Indian hunter-gatherers settled in the area of present-day Suriname around 10,000 BC, archaeological excavations show. Axes and arrowheads correspond to European finds from the Stone Age. About 3000 BC, cultivators settled near the fertile rivers and produced pottery. There are few written sources from the pre-colonial period of Suriname, but archaeological finds indicate that there were some kind of mounds inhabited surrounded by fields in the period until the first Europeans set foot on land.
Spaniards, English and Dutch
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In 1593 Suriname was taken over by the Spaniards, but soon abandoned. The Dutch also founded a branch there, which, however, did not last either. After 1650, a group of English settlers from Barbados successfully settled on the Suriname River. In 1667 their colony had 175 plantations and more than 4000 settlers and slaves.
In 1667 the Zeelanders conquered Suriname under the leadership of Abraham Crijnssen and after the Peace of Breda they were able to keep Suriname in their possession. In 1682, the province of Zeeland transferred the colony to the West India Company (WIC), which founded a separate limited company. One third of the shares came into the hands of the WIC, one third of the city of Amsterdam and one third of the Van Aerssen van Sommelsdijk family.
Plantations, slavery and indentured servants
Cornelis van Aerssen became the first governor of Suriname. He was committed to increasing the number of plantations. By waging war against the Indians and the runaway slaves, he made Suriname attractive to European investors. All of Van Aerssen's successors continued this policy in favor of plantation agriculture.
The Surinamese coffee and sugar were sold on the Dutch market. Dutch investors invested more than 60 million in Suriname between 1751 and 1773. In 1773, a crisis on the Amsterdam stock exchange brought a sudden end to the capital supply to Suriname. Many planters had borrowed too much and could not meet the interest payments and repayments and were obliged to sell their plantations to the moneylenders in the Netherlands. This change was of little significance to the slaves. They were forced to make their labor available to the plantations. Their number was estimated at 50,000 around 1800. After the conquest of Suriname by the English in 1799, the supply of slaves from Africa was prohibited in 1806. As a result of this measure, the mortality surplus among slaves could no longer be compensated by new supplies. Because two-thirds of the supplied slaves were men, the number of slaves slowly decreased. Some of the slaves also ran away and these runaways formed separate communities, which the colonial government could not destroy and with which it concluded peace treaties to protect the plantations from further attacks. These former slaves were called Maroons.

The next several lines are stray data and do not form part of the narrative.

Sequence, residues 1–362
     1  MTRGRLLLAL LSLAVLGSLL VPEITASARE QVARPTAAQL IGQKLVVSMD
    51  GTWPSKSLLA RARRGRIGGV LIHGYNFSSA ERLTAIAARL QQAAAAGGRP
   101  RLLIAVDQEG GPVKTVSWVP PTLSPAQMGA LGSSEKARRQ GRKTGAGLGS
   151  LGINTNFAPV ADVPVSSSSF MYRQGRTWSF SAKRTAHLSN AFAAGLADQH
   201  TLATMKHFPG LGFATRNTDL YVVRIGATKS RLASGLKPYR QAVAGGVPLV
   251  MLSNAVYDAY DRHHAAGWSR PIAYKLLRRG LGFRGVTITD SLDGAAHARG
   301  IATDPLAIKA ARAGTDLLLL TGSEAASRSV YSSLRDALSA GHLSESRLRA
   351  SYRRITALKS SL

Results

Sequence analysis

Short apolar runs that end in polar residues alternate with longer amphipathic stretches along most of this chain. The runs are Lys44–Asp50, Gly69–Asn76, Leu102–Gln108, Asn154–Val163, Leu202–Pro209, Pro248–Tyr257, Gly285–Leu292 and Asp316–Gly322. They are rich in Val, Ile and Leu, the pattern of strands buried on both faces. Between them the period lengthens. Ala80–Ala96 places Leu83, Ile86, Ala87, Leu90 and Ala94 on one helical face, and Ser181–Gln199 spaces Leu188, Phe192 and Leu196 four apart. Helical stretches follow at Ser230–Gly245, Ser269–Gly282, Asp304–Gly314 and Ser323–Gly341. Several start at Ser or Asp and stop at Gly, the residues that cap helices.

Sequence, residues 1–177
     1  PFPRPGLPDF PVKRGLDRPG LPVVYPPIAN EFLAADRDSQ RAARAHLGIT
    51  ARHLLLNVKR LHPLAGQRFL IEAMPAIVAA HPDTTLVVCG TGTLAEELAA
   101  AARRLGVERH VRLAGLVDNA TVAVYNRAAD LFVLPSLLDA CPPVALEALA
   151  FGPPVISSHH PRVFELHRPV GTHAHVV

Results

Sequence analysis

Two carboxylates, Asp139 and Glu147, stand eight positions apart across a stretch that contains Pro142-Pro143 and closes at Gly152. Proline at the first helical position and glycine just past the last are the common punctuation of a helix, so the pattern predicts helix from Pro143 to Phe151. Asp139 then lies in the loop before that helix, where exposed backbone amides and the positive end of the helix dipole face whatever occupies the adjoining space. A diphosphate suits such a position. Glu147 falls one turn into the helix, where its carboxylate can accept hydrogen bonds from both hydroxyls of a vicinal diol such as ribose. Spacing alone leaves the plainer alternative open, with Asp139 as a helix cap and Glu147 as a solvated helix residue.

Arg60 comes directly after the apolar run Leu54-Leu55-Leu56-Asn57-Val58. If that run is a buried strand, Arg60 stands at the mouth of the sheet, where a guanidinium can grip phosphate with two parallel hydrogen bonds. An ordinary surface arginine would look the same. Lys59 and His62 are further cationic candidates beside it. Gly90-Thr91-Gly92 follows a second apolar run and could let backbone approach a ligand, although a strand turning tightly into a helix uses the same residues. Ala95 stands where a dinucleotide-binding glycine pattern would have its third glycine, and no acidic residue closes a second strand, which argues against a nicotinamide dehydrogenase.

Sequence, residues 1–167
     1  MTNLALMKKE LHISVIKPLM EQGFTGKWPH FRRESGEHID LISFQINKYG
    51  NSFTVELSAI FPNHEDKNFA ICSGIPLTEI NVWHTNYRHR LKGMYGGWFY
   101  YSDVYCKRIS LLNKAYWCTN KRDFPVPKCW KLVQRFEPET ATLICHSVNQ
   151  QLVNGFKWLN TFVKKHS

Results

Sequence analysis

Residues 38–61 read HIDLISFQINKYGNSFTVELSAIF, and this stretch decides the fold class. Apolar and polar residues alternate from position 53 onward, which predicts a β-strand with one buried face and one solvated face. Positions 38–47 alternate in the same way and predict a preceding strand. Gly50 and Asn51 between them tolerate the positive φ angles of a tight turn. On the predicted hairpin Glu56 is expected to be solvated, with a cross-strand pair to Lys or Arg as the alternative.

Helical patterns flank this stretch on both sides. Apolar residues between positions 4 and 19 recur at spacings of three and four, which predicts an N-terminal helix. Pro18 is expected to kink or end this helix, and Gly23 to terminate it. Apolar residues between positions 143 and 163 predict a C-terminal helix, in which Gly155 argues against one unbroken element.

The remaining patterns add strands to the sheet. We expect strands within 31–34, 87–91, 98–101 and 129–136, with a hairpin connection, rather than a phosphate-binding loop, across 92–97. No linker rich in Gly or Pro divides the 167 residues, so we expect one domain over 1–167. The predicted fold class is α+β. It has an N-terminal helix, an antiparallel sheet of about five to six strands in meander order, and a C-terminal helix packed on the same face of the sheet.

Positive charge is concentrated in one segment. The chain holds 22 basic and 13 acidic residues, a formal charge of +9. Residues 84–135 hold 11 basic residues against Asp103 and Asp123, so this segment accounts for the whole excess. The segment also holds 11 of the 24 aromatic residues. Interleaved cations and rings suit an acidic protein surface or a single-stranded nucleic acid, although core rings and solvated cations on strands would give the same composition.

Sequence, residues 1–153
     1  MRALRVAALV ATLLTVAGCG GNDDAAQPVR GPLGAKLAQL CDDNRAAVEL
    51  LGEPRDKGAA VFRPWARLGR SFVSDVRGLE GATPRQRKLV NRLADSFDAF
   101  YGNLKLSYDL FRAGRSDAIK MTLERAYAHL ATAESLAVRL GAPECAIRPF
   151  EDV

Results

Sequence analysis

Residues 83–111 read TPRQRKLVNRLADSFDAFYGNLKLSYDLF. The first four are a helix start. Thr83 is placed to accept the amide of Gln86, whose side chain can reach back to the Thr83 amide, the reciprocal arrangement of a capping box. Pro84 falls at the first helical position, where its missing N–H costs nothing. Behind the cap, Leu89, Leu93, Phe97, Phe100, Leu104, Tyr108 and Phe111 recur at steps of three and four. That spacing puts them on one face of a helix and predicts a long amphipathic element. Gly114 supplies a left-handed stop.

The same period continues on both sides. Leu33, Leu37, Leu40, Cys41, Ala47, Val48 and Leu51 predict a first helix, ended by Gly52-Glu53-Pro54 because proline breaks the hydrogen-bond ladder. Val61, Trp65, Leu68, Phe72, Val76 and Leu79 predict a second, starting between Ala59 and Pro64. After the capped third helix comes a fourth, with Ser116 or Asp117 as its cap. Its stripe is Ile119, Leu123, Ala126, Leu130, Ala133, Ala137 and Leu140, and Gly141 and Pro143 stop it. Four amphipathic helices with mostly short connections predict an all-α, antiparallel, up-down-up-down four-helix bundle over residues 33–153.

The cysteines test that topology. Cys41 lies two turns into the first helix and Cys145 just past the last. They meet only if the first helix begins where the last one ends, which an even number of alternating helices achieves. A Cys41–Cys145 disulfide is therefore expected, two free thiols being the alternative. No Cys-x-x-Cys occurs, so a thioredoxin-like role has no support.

In 1863 slavery was abolished in Suriname and in 1873 the ex-plantation slaves were really free. In that year their obligation to enter into an annual employment contract with a plantation owner expired. Many plantations were merged to make up for the labor shortage. In 1862 Suriname had 216 plantations, in 1913 it was 79. The total sugar yield remained virtually constant over the centuries, although coffee, cocoa and cotton disappeared.
Although this form of agriculture became less and less economic, colonial policy continued to promote this sector. The government took more than 30,000 British Indians to Suriname and more than 33,000 Javanese, who had committed themselves to work on the plantations for a period of five years before being shipped, after which they were able to return home. In 1916 the importation of British Indians came to an end due to nationalist opposition in India to this form of labor migration. The supply from Java came to an end due to the decline of the plantations. Incidentally, about two-thirds of the Indian and Javanese indentured servants did not return home, but settled in the colony, after the colonial government began to promote the ownership of small plots for food farming after 1890.
There were few economic alternatives outside of plantation agriculture. The discovery of gold provided work for some of the former slaves, while the growth of the government apparatus also created a number of jobs. There was only limited industrial development in Suriname. Around 1970, 23% of the working population made a living in agriculture, 15% in industry and 40% in the service sector (government, crafts).
The social structure of Suriname was strongly influenced by the lack of contacts between the different population groups. The slave emancipation of 1863 meant that a large part of the population originally from Africa turned their backs on plantation farming and turned to work in forestry, mining and the service sector. Their place in agriculture was taken by the Hindus and the Javanese. At the top were the white plantation owners and the administrative officials from the Netherlands. The small Creole middle class felt connected with the white upper layer.